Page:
The daughter of Bae Sang-myeon - the genius behind the popular ginseng-based liquor Bek Se Ju and founder of prominent brewery Kook Soon Dang - Bae first established her business in 2000.
Bae started off by designing high-end glass bottles for her revolutionary Buja, a radical departure from the customary plastic bottles that makgeolli was packaged in.
Essentially an undiluted makgeolli grouped under the category of takju - to clarify, the term takju, according to Bae, applies to cloudy liquor - the 16 proof Buja was not well received in the beginning.
"People said all sorts of things, like `What kind of alcohol is this? Is it soju? Has soju been added to the makgeolli?`" the 53-year old CEO recounted from when she released one of the first undiluted versions of makgeolli in Korea.
Made from rice from Gyeonggi Province and domestic yeast, Buja possesses a strong butterscotch profile, a quality that makes it an excellent companion for the sweet and heavily seasoned bulgogi, a dish recommended by Bae herself. Replete with nutrients - including fiber - the drink itself is highly addictive, a quality that seems to have played a role in making it one of their hit products.
"I think, recently, now, it is finally gaining recognition," Bae said with a laugh.
According to a representative of Baehaejung Nurukdoga, domestic sales for the company`s products have been going up and sales for exports to Japan and America are increasing an approximate 30 percent every year.
Not one to rest on her laurels, Bae is busy releasing new takju - her company currently carries approximately six varieties. After introducing a sweet potato-based takju this year, Baehaejung Nurukdoga will be releasing Ugok LeeHwaJu Makgeolli - a revival of a high quality takju once imbibed by Goryeo Dynasty royalty and Joseon Dynasty nobility - in early October and an ume-based takju in November.
"What I want to do is upscale makgeolli," said Bae.
"Our company`s basic concept is to go in a completely different direction from standard makgeolli."
Bae has certainly succeeded in going against the grain. Her Buja Draft Makgeolli - called draft because it has not been pasteurized reportedly making it more nutrient-rich - is made from raw rice, a unique method employed on all her products.
"We ferment with raw rice," Bae explained. "In general, in Korea, steamed rice is used. If you look at our makgeolli it is very white, like milk."
To achieve fermentation, a special yeast was developed for the raw rice which is soaked in water and then ground to further aid the process. According to Bae, the use of raw rice helps prevent one from getting hangovers.

The resulting draft makgeolli itself is fragrant, fruity, slightly fizzy and silky, great for both connoisseurs and beginners alike.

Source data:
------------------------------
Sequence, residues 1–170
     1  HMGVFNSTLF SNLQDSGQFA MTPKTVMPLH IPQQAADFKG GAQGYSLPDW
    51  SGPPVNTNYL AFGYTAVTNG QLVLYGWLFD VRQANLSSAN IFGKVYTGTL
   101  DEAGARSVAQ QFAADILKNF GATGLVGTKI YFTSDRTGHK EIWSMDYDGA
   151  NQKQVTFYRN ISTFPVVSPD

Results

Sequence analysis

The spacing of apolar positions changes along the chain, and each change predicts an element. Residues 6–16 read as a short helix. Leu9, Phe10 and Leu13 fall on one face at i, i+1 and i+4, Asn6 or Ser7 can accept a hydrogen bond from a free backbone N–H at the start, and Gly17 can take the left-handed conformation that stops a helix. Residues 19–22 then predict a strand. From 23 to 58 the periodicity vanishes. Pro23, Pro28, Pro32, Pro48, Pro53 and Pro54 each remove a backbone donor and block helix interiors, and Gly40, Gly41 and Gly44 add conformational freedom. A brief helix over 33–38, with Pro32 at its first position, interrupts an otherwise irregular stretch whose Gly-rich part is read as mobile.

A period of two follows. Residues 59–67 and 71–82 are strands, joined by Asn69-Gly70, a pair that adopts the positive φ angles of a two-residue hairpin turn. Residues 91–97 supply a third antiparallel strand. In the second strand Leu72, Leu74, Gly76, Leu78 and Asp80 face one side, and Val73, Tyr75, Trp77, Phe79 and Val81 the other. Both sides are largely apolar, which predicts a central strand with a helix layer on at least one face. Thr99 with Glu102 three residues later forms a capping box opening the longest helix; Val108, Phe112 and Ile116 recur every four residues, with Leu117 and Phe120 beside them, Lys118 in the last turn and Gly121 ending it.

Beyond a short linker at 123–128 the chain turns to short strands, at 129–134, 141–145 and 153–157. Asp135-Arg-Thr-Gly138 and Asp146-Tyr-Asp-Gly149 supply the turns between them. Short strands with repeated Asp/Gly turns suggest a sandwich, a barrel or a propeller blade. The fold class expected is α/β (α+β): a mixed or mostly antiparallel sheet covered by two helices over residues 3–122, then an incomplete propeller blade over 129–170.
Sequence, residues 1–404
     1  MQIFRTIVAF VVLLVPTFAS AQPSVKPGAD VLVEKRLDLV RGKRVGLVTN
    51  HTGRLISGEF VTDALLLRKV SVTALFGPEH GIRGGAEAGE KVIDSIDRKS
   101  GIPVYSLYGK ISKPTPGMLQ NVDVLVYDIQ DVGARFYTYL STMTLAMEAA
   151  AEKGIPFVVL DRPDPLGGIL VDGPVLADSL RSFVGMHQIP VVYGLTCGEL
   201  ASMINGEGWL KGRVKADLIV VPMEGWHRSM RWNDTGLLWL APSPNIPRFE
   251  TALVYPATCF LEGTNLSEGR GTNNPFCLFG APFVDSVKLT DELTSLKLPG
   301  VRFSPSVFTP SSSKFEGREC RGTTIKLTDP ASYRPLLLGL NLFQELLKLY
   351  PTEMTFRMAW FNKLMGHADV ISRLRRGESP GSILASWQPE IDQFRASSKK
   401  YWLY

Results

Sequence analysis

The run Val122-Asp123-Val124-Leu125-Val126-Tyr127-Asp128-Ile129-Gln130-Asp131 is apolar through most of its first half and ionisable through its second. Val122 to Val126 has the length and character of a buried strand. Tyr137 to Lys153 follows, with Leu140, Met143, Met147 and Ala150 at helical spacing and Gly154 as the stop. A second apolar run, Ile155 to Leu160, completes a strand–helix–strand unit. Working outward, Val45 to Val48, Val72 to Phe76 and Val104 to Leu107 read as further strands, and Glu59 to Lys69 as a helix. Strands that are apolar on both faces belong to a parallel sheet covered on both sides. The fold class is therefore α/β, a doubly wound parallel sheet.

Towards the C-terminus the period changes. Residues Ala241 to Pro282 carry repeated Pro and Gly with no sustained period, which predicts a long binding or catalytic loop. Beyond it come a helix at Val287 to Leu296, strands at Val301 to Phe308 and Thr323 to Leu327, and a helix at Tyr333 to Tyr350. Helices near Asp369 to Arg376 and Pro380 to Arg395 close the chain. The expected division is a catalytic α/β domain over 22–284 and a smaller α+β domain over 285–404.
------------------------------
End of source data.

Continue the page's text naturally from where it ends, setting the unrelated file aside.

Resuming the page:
Retro makgeolli

Under the direction of prominent Korean liquor expert Heo Shi-myung, a class of around 35 kneads yeast into a mixture of water, cooked rice and raw spirits. The sweet scent of makgeolli, in its infancy, pervades the air.
As part of an ongoing lecture series on traditional liquor and herb medicine that is being held at the Seoul Yangnyeongsi Herb Medicine Museum, Heo is teaching students how to make yeast and makgeolli.
"Well-made liquor is not sweet," the 47-year old expert explains before classifying the alcoholic beverage dongdongju as makgeolli in its premature state, when the rice floats to the top. "When the rice completely sinks, then it is liquor."
Students nod, for some, it seems, this all very new, from the kneading of yeast, to the mixing of matured bits of yeast with rice, to the actual lecture itself.
For Heo, however, making makgeolli looks like second nature. While explaining the process, he expertly demonstrates it and even after the class has ended, he is still busy completing the initial stages of the makgeolli-making process.
As he mixes the yeast with the rice, water and spirits, he divulges the charms of makgeolli.
"It does not just end with the consumption of alcohol," he expanded upon its legacy as a farmer`s drink of choice. "After you sweat, it quenches your thirst and takes away the exhaustion you get from hard labor."
"As a laborer`s companion I think it is very attractive."
Makgeolli, according to Heo, was a commoner`s drink: "In the past, because clear rice wine rose to the surface, it was used for jesa (ancestral rites) and was a precious wine. To filter the lower cloudy part, where the residue had settled, some water was added, leading to a lower alcohol level and to an increase in quantity. With the increase in quantity, it became a drink for the masses, a drink for commoners."
"Now, it has the code of a commoner`s drink but it also has a new code as a drink that is good for your health," Heo alludes to the current increase in interest in the nutritional value of the fermented drink.
The author of several texts on Korean liquor, Heo is slated to teach an eight-lesson series called "Makgeolli School" starting in mid-October.
A writer, expert and educator, Heo possesses a deep understanding of the various faces that makgeolli wears; as a home-brew and a laborer`s source of refreshment and as a commercial and regional product.
"The market`s makgeolli is quite sweet," he said, differentiating between home-brewed and commercial makgeolli. "The liquor we make at home has a slightly bitter taste and gets sweet later on."
Heo describes the taste of a home brew eloquently: "The degree of bitterness is just enough to feel like a slight bite on the tongue."

By Jean Oh